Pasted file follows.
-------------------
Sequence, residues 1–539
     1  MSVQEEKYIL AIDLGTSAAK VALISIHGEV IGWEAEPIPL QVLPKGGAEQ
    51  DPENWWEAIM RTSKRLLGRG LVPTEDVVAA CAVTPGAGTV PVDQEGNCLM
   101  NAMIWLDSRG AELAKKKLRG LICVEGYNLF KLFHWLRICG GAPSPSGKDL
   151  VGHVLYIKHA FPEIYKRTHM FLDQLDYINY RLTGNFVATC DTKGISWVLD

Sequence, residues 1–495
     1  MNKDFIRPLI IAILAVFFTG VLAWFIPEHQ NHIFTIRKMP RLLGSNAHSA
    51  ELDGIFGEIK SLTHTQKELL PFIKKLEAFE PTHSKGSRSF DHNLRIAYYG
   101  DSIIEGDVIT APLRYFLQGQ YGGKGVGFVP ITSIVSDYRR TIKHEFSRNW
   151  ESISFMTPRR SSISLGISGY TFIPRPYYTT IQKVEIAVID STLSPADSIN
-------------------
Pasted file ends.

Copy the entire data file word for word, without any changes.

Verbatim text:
Sequence, residues 1–539
     1  MSVQEEKYIL AIDLGTSAAK VALISIHGEV IGWEAEPIPL QVLPKGGAEQ
    51  DPENWWEAIM RTSKRLLGRG LVPTEDVVAA CAVTPGAGTV PVDQEGNCLM
   101  NAMIWLDSRG AELAKKKLRG LICVEGYNLF KLFHWLRICG GAPSPSGKDL
   151  VGHVLYIKHA FPEIYKRTHM FLDQLDYINY RLTGNFVATC DTKGISWVLD

Sequence, residues 1–495
     1  MNKDFIRPLI IAILAVFFTG VLAWFIPEHQ NHIFTIRKMP RLLGSNAHSA
    51  ELDGIFGEIK SLTHTQKELL PFIKKLEAFE PTHSKGSRSF DHNLRIAYYG
   101  DSIIEGDVIT APLRYFLQGQ YGGKGVGFVP ITSIVSDYRR TIKHEFSRNW
   151  ESISFMTPRR SSISLGISGY TFIPRPYYTT IQKVEIAVID STLSPADSIN